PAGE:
Fast learning optimized prediction methodology for protein secondary structure prediction, relative solvent accessibility prediction and phosphorylation prediction
Computational methods are rapidly gaining importance in the field of structural biology, mostly due to the explosive progress in genome sequencing projects and the large disparity between the number of sequences and the number of structures. There has been an exponential growth in the number of available protein sequences and a slower growth in the number of structures. There is therefore an urgent need to develop computed structures and identify the functions of these sequences. Developing methods that will satisfy these needs both efficiently and accurately is of paramount importance for advances in many biomedical fields, for a better basic understanding of aberrant states of stress and disease, including drug discovery and discovery of biomarkers.
Several aspects of secondary structure predictions and other protein structure-related predictions are investigated using different types of information such as data obtained from knowledge-based potentials derived from amino acids in protein sequences, physicochemical properties of amino acids and propensities of amino acids to appear at the ends of secondary structures. Investigating the performance of these secondary structure predictions by type of amino acid highlights some interesting aspects relating to the influences of the individual amino acid types on formation of secondary structures and points toward ways to make further gains. Other research areas include Relative Solvent Accessibility (RSA) predictions and predictions of phosphorylation sites, which is one of the Post-Translational Modification (PTM) sites in proteins.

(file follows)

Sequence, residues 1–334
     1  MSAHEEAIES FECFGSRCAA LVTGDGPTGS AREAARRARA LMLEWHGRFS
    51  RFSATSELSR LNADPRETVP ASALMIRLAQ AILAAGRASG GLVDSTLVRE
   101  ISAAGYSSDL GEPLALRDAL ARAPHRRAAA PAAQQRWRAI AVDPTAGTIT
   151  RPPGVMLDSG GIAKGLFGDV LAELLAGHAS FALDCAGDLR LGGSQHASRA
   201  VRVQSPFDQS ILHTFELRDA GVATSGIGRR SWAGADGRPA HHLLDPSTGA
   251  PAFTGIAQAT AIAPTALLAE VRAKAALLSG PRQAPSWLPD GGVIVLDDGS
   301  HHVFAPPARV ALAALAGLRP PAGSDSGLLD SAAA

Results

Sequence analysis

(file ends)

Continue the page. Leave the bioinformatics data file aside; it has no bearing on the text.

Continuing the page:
Protein secondary structures and other features of proteins are predicted efficiently, reliably, less expensively and more accurately. A novel method called Fast Learning Optimized PREDiction (FLOPRED) Methodology is proposed for predicting protein secondary structures and other features, using knowledge-based potentials, a Neural Network based Extreme Learning Machine (ELM) and advanced Particle Swarm Optimization (PSO) techniques that yield better and faster convergence to produce more accurate results. These techniques yield superior classification of secondary structures, with a training accuracy of 93.33% and a testing accuracy of 92.24% with a standard deviation of 0.48% obtained for a small group of 84 proteins. We have a Matthew's correlation-coefficient ranging between 80.58% and 84.30% for these secondary structures. Accuracies for individual amino acids range between 83% and 92% with an average standard deviation between 0.3% and 2.9% for the 20 amino acids. On a larger set of 415 proteins, we obtain a testing accuracy of 86.5% with a standard deviation of 1.38%. These results are significantly higher than those found in the literature.